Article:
The show currently running in the Cress Gallery is of a collaborative team, Nicholas Kahn and Richard Selesnick. I had the pleasure of seeing the Visiting Artist Lecture given by them just prior to the show opening, and speaking with them at the show.
Kahn and Selesnick have collaborated since finishing college in 1986. They specialize in mixing narrative histories with elaborately constructed “artifacts” of the time period depicted. Characters and artifacts are captured in panoramic photographs for posterity.
The show in the Cress Gallery features The Apollo Prophecies and the newest collaboration, Eisbergfreistadt. The former details NASA’s discovery of a Victorian settlement on the moon, with the astronauts being greeted as gods, while the latter covers the 1923 founding of a city on an enormous iceberg that floated into port in Lubeck, Germany.
My favorite aspect of Kahn and Selesnick’s work is that the line between fact and fiction is ambiguous. Obviously, it’s pretty easy to tell in the Apollo Prophecies what’s fiction (almost all of it – astronauts did land on the moon, but that’s the extent of the facts), but Eisbergfreistadt is entirely different. The “memorabilia” from the iceberg city mix actual artifacts with those constructed by Kahn and Selesnick and there’s no indication of which is which.
I asked Mr. Kahn how much of the historical narrative/artifacts were real and was told the economy in Germany, 1923, did crash. Inflation was exponential and cities started printing their own money. However, the money was devalued almost as soon as it was printed and eventually the paper it was printed on was worth more than the denomination of the marks. For example, one day an egg may cost 500,000 marks and the next day the same egg would cost 1,000,000 marks. People started using the marks as wallpaper, etc. One of the items on exhibit is a beautifully crafted coat made from marks.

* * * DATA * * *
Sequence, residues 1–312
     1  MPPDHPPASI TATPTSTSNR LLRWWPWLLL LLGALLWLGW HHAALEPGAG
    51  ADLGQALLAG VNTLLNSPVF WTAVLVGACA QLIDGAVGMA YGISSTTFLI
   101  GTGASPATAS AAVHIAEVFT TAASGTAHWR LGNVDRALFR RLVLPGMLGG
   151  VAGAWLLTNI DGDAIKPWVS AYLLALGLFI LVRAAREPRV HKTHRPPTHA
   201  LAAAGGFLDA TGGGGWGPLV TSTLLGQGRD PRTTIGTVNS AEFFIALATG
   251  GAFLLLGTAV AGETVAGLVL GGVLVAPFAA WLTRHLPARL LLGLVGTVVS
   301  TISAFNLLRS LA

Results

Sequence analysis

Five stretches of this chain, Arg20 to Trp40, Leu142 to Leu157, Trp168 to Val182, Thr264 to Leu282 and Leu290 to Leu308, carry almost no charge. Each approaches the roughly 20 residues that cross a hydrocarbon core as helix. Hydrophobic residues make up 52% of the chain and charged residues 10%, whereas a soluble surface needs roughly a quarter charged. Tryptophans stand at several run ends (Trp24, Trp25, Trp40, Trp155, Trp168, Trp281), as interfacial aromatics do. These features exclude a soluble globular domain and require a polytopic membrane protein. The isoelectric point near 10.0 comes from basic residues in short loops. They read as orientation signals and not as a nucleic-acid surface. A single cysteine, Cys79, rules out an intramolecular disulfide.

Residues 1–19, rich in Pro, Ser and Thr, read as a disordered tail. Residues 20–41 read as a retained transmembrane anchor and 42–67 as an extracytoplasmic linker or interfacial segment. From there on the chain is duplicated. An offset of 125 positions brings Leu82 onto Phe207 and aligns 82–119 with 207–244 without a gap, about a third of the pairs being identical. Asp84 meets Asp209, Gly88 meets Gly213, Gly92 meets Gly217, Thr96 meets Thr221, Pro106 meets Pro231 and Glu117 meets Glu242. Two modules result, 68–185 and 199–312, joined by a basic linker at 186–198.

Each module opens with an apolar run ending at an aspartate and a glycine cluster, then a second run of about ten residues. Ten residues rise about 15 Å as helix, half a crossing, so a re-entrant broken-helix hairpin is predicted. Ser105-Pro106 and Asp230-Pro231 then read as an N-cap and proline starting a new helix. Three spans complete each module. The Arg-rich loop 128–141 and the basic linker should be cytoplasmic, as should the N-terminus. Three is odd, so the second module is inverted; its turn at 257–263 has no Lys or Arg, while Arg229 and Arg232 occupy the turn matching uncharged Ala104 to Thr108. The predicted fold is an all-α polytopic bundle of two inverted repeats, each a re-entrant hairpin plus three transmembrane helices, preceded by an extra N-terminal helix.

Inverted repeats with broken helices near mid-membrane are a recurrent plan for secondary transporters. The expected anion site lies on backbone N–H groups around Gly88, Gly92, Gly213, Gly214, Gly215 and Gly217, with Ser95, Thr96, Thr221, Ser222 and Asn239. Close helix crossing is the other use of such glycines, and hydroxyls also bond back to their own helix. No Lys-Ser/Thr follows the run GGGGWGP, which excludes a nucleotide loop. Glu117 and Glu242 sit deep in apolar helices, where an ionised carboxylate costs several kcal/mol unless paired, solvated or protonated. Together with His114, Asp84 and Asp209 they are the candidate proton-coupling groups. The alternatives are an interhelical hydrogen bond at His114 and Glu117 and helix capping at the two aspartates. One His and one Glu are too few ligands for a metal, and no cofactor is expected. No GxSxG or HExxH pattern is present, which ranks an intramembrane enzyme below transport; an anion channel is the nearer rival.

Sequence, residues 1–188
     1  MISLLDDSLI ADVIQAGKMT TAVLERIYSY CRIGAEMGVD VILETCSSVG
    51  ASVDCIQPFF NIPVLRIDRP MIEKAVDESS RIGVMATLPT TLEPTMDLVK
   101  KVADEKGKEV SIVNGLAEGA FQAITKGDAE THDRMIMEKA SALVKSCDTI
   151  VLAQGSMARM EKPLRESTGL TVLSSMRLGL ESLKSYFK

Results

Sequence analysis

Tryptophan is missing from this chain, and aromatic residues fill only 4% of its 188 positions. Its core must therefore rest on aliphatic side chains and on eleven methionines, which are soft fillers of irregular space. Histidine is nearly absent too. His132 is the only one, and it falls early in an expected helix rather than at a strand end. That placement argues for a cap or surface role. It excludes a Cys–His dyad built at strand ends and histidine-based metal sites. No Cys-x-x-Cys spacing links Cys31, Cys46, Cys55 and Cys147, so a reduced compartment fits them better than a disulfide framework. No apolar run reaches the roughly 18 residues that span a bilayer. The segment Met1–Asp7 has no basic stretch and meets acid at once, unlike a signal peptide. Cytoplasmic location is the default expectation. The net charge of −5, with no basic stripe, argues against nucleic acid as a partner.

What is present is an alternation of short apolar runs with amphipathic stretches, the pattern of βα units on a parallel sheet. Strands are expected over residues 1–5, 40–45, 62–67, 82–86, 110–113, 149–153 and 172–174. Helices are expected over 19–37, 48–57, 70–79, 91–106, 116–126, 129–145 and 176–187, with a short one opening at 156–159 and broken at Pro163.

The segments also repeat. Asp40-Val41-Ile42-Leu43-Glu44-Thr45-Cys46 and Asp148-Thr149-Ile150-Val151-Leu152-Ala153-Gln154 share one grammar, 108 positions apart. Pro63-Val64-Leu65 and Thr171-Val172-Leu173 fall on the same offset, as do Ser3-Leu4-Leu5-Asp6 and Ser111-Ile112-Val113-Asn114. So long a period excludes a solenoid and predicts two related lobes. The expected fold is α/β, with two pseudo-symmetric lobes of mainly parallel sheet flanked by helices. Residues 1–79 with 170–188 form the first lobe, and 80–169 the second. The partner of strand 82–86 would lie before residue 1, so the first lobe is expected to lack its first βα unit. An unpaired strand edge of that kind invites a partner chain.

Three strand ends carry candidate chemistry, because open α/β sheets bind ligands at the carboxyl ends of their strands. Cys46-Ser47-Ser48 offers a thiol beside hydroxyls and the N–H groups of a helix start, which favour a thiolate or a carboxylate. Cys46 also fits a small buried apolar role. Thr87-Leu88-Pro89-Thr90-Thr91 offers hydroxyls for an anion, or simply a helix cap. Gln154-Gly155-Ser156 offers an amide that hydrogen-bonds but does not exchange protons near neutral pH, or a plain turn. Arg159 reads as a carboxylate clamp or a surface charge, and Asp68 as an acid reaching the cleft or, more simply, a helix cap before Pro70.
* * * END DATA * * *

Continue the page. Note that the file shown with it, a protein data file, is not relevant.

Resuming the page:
Kahn and Selesnick use black and white for most of their photography. I had a chance to ask Mr. Selesnick how they choose the palettes they work with. Mr. Selesnick said he prefers not to use color at all, but when they’ve decided to use it, in general the palette has low saturation. The point of their work is to make things look historical, so rich bold colors wouldn’t convey age.
Kahn and Selesnick take their inspiration from many sources. One of the artists that stood out for me was William Blake. They showed several examples of photographs that were finely detailed derivatives of William Blake prints.
The show is very impressive and ought not to be missed. Definitely see it before it’s gone. The show runs in the Cress Gallery through March 16th.